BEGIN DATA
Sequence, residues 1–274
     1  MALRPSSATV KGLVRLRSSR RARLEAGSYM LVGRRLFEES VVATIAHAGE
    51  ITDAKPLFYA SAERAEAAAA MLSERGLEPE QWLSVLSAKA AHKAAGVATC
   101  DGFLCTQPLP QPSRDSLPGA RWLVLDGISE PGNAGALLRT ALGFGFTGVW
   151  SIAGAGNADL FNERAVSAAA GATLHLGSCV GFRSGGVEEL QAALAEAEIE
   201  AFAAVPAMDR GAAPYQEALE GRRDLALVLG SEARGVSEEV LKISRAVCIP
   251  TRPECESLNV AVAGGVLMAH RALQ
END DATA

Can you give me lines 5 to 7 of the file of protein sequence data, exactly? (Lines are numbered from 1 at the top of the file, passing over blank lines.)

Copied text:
   151  SIAGAGNADL FNERAVSAAA GATLHLGSCV GFRSGGVEEL QAALAEAEIE
   201  AFAAVPAMDR GAAPYQEALE GRRDLALVLG SEARGVSEEV LKISRAVCIP
   251  TRPECESLNV AVAGGVLMAH RALQ